[Source: Blue Oval Forums via Muscle Cars & Trucks]

Amazon shows off first Rivian delivery van prototype

A while back, Rivian scored a massive order for electric delivery vans from Amazon. A van was designed from the ground up to serve Amazon’s delivery fleet with zero emissions and 100,000 are to be produced. This week, Amazon showed off their first working prototype of the van and announced that the first 10,000 should be on the road within the next year or so.

“The vehicle we’ve developed with Amazon is not just electric. We prioritized safety and functionality to create a vehicle that’s optimized for package delivery,” said RJ Scaringe, Rivian CEO. “We thought through how drivers get in and out of the van, what the work space feels like and what the work flow is for delivering packages.”

This resulted in a van with three levels of shelfing, lots of floor space, Alexa integration for hands-free navigation, and various safety features. It has brighter tail lights, a large windshield for enhanced visibility, exterior cameras for monitoring, and some sort of sensor suite which is probably for driver assistance. Some technical details like the battery pack and its driving range aren’t available yet. But it’s nevertheless proof that Rivian is ready to deliver when presented with an order that could make or break the company. To date, this promising startup has not brought a single product to market but has still secured huge investments and partnerships. The fact that we’re already at a working prototype and it looks far more realistic than anything Tesla has in the pipeline means our faith is probably well placed.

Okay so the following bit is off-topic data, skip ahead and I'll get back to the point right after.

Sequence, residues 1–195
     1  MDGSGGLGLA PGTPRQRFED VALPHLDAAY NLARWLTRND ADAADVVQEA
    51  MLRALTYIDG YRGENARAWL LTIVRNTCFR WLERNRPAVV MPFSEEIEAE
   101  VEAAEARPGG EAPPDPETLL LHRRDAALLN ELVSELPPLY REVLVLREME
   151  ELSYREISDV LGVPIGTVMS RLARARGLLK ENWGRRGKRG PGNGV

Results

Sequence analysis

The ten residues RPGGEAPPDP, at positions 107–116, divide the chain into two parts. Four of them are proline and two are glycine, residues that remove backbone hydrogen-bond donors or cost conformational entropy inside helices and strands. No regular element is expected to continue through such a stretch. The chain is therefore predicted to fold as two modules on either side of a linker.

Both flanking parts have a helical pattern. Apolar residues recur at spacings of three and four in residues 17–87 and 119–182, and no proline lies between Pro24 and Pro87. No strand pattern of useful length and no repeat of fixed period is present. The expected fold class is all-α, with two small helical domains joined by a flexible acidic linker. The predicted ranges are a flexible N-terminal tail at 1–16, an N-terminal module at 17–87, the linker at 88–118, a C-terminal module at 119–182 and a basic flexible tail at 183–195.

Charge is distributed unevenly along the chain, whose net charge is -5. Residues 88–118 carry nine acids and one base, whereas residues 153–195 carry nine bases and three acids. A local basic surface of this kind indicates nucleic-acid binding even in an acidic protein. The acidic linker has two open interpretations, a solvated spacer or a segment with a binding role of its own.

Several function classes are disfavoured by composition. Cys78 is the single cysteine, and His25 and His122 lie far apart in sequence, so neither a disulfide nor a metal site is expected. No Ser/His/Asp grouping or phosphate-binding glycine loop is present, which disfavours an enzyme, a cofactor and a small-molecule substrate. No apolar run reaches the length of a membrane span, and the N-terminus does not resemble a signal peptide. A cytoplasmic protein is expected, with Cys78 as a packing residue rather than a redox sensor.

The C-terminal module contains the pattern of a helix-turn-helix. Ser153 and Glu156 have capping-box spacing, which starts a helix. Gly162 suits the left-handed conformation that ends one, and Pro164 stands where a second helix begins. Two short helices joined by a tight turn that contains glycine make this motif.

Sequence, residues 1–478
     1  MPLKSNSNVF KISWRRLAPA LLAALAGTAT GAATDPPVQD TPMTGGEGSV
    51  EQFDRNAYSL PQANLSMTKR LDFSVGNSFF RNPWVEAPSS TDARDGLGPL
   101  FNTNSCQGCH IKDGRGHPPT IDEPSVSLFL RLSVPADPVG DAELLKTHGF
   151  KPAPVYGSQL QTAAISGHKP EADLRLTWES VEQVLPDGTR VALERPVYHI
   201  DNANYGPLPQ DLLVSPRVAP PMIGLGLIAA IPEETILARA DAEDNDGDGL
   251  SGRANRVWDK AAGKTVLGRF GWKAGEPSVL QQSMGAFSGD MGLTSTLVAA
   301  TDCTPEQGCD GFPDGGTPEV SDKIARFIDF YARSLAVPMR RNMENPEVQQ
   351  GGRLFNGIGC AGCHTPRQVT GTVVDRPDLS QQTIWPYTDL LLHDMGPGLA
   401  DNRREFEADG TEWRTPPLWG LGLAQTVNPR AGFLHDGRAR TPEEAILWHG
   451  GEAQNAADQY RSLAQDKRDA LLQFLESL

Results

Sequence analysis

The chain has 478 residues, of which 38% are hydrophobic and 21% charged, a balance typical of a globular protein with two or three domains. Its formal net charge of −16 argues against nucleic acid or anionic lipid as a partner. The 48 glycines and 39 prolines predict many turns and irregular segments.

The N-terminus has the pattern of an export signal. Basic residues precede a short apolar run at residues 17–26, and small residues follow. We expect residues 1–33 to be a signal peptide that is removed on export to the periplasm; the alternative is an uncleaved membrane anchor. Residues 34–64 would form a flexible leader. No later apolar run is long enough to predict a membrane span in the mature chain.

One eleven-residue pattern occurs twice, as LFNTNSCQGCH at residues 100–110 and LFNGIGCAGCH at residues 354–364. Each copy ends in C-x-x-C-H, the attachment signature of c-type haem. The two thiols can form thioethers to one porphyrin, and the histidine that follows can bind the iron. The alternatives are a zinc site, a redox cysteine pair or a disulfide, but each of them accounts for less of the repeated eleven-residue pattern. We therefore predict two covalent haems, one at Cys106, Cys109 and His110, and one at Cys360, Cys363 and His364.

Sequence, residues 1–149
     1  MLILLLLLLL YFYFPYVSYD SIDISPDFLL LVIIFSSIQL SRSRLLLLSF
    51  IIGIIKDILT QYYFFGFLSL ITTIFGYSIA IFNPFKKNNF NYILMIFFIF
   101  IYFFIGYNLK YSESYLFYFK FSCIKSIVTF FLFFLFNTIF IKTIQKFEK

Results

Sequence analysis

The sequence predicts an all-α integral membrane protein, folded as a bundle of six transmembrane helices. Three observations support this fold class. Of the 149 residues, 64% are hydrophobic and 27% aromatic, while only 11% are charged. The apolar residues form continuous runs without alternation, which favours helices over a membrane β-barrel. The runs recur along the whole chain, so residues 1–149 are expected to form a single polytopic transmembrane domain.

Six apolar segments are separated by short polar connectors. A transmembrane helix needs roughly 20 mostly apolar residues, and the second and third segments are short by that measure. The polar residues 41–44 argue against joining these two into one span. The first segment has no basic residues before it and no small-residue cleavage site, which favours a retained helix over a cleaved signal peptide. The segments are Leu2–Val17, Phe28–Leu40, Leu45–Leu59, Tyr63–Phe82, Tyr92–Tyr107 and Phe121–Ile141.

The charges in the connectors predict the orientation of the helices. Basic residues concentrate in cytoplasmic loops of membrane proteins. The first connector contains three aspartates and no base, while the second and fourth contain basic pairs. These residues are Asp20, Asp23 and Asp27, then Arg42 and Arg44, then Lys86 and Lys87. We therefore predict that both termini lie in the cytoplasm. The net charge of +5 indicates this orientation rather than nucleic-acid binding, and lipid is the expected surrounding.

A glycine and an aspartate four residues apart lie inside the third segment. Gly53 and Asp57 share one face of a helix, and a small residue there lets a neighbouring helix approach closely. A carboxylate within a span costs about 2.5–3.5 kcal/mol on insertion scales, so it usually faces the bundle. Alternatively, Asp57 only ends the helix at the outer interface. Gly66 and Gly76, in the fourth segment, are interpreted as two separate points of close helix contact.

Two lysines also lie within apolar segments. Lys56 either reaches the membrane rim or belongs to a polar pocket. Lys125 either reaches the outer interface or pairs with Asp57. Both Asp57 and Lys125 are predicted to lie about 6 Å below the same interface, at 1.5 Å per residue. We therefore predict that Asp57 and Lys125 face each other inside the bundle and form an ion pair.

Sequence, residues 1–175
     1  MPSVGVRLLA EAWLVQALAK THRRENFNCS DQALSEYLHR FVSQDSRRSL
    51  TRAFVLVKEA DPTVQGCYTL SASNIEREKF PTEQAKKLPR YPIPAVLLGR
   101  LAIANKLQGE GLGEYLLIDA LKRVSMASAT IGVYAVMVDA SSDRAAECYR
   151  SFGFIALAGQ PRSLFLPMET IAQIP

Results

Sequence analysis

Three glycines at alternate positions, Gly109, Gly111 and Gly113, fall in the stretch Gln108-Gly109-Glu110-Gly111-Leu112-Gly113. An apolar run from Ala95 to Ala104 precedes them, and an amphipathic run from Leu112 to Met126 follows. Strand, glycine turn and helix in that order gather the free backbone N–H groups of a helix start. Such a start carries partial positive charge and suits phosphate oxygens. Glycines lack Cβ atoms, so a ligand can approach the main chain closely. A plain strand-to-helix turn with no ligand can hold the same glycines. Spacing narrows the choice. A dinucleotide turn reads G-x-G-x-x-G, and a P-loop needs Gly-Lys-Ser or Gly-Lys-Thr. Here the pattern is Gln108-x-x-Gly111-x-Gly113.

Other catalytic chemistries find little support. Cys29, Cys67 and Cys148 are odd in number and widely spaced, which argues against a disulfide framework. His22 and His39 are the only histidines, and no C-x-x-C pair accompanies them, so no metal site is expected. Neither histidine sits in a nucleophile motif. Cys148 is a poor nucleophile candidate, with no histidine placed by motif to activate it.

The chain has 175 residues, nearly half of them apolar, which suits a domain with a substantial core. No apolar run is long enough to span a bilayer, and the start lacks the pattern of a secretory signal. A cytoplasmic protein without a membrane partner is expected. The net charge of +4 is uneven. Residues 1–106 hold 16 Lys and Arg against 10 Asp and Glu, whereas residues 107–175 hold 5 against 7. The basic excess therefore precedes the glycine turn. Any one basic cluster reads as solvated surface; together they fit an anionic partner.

Check the video if you want to see what it’s all about.

[Source: YouTube via Autoweek]

What’s your automotive news?


That’s all I’ve got for you this week, so now it’s your turn. If you saw anything, fixed something, broke everything, or otherwise did anything even remotely car related that you want to share with your fellow hoon, sound off in the comments.

Have a good weekend.

I'm the guy that spoiled the site with all the new car stuff. Hooniverse News Editor since 2011, amateur motorsport photographer, sim racer, and mountain road enthusiast.